Last time I was out in Bristol on a Saturday night I walked along the Waterfront by the Watershed. It was like a cattle market. I have a particularly memorable image of walking behind a gaggle of overweight young women, maybe 19 or 20 years old, all heavily dolled up, wearing short dresses and heels, and one with a dress so short that both bum cheeks were hanging out of the bottom of the dress, like a pair of cellulite pelmets. I’m still quite traumatised by it. But does their poor choice of dress make them vulnerable? Maybe. But I would guess that being rolling drunk and wearing shoes that would prevent a quick escape were their biggest risk factors. For me the bigger issue is why women feel like they have to put on a show of sexual availability as some kind of Saturday night ritual? I’m all for choice, and I’ve done my fair share of revealing clothes and drunken nights out (in days of yore), so this doesn’t come from prudishness – I’m all for celebrating our bodies, our youth and our sex. But I sometimes sense that what for young women of my generation was a choice, a rebellion – has somehow slipped into a way of conforming, of fitting in, and an expectation for girls growing up today – and it begins before girls even reach puberty.

What is most upsetting about the use of the word “slut” to me is that we seem to expect our girls to dress revealingly, provocatively and in a sexually adult way from a very young age (like sluts?), and then society tells them it’s their fault when they become victims of sexual violence. And in some ways reminding young women that they have choices about who they become, and they are responsible for those choices is no bad thing. How much of the way we raise our girls as sexually precocious eye pleasers is a barrier to changing social attitudes to and about women and sexual behaviour? That the choice of language used by PC Sanguinetti was so massively provocative is telling of the underlying reality – that male and social attitudes to women’s sexuality and sexual choices are not as far forward as they ought to be.

Our girl children are raised in an environment in which sex is just another commodity, they are under chronic social pressure to present themselves as physically appealing, and to conform to a pretty narrow and standardised version of physical attractiveness. That’s why, for me, the idea of reclaiming the word slut is missing the point – it’s symptomatic of the lack of intellectual rigour in the idea that young girls are somehow empowered women. How are they empowered when society condemns their very conformity as sluttishness?

4 thoughts on “Walking Talking Living Doll

  1. I don’t want to get into a deep debate about this, but there is a massive difference between rape and theft.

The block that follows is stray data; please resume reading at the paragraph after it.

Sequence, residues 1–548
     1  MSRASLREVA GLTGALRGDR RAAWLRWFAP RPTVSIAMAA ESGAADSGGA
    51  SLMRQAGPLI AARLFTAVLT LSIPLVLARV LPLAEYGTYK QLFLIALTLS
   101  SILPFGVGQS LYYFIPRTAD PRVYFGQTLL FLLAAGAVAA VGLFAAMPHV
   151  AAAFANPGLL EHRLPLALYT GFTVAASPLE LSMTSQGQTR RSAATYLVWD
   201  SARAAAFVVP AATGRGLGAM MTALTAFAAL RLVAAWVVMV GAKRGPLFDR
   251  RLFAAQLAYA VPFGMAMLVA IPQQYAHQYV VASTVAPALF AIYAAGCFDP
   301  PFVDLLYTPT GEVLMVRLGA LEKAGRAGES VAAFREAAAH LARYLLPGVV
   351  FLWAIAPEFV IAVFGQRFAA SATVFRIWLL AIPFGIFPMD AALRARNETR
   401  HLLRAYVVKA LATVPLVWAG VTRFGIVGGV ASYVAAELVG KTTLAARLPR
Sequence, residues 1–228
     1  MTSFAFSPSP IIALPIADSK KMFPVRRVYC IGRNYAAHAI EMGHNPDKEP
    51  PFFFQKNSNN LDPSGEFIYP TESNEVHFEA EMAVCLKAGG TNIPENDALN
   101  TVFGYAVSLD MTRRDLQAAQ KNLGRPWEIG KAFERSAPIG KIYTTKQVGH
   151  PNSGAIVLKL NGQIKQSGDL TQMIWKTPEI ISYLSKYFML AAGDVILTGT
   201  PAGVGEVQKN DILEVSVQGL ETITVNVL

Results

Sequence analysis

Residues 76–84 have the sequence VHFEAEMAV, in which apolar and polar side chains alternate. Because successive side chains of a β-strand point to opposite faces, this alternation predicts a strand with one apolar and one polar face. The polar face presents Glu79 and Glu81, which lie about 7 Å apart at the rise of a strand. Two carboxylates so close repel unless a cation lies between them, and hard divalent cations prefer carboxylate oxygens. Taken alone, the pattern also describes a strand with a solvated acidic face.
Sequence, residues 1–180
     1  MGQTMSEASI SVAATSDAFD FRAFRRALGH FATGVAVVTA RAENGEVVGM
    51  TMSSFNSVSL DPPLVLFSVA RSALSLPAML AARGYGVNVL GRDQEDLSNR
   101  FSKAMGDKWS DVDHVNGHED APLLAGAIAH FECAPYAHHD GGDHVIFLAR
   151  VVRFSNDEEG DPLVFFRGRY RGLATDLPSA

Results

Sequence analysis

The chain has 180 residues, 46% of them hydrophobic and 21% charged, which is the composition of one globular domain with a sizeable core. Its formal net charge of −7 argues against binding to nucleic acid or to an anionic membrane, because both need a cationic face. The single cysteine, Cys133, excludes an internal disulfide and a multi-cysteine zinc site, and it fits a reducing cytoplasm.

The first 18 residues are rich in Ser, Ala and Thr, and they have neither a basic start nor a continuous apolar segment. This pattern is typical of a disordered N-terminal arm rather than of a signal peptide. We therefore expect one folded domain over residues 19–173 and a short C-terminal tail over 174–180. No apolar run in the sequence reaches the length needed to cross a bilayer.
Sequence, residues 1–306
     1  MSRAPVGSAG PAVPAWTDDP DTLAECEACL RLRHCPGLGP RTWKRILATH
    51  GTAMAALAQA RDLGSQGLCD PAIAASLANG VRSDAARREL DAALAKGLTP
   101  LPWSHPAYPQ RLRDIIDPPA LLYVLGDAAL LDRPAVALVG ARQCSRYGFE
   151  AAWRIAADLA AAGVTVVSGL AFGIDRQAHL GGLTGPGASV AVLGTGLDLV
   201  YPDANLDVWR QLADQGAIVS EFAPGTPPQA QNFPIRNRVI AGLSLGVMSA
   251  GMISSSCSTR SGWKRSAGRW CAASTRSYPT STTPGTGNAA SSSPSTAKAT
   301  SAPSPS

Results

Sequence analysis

You say that if your car was stolen because you left it unlocked would end up with people saying you were daft, but nobody would say you were asking for it.

    What if, you left your car unlocked, you chatted to a car thief, you let him sit in your car, you let him play with the knob (on the radio), adjust the mirrors, tell him how fast it goes, how well it handles, allow him to stroke the leather interior, how the fuel has been topped up and its ready to go, you said you would let him steal it, and then as he was about to, you changed your mind. I think in those circumstances, people would say you asked for it.

    The trouble with the rape debate, is there is a black and white line between the crime and it not being a crime. A couple spend an evening together, spend several hours leading up to a sexual encounter, snog, grope and moan in pleasure, go upstairs, undress, get into bed, and then despite all that encouragement, one word ‘No’ makes it a crime. Its no longer quite so black and white.

    I am not defending anything other than my view that you cannot compare rape to theft. I am sure you can come up with a better comparison.

    As with the car scenario above, there are occasions that it is reasonable to say ‘She was asking for it’, but a Politician can’t say things that a lot of people think.

    And just for the record, I have helped ‘defend’ a young lady that was in the bedroom scenario above, and even opened a condom and gave it to her boyfriend before saying no. The circumstances blurred the definition between it being black and white, and rape in all its forms is abhorrent, (male or female) but its not always black and white.


    • It’s not a perfect analogy I accept. But I think it is pretty black & White as far as criminal culpability is concerned. If
      there is a “no” it’s rape regardless of what has gone before. That you might have reason to criticise the victim for her conduct doesn’t make that less clear.

  2. Loo, I have more criticism for the law imposing a black and white mark.

    You will know that in Family Law, everything depends on the circumstances of the case. Sometimes, things are not so straightforward, and perhaps the law should reflect that.

    Anyway, your article has wider issues than the one I have picked up on.

    I am sorely tempted to come and visit Bristol now I have seen your description of a regular Saturday night!


  3. ‘I think in those circumstances, people would say you asked for it.’

    and in all circumstances i would say they are wrong. that’s my black and white.